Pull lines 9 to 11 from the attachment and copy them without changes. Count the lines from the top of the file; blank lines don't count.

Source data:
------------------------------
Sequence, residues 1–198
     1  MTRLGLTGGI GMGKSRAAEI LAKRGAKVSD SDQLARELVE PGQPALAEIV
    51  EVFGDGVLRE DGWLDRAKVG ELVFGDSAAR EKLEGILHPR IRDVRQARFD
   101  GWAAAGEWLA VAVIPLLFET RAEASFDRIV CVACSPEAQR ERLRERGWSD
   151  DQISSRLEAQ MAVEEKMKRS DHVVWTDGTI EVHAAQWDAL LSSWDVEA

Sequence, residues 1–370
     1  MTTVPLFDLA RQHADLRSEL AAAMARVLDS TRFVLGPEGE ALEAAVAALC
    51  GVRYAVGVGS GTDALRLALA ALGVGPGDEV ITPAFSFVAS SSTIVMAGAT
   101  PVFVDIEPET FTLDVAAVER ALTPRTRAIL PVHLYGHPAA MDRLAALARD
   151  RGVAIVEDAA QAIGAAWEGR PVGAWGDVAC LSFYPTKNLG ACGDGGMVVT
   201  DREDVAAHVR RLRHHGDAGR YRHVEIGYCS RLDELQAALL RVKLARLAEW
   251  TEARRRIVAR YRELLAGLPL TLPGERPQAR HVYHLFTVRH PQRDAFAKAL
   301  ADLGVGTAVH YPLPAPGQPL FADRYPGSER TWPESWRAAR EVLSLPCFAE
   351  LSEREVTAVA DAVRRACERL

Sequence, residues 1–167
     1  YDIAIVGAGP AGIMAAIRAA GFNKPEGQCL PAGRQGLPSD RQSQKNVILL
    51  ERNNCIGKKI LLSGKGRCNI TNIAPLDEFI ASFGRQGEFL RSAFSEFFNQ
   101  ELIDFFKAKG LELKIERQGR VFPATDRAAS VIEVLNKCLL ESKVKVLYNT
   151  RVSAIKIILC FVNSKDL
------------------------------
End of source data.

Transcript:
   101  PVFVDIEPET FTLDVAAVER ALTPRTRAIL PVHLYGHPAA MDRLAALARD
   151  RGVAIVEDAA QAIGAAWEGR PVGAWGDVAC LSFYPTKNLG ACGDGGMVVT
   201  DREDVAAHVR RLRHHGDAGR YRHVEIGYCS RLDELQAALL RVKLARLAEW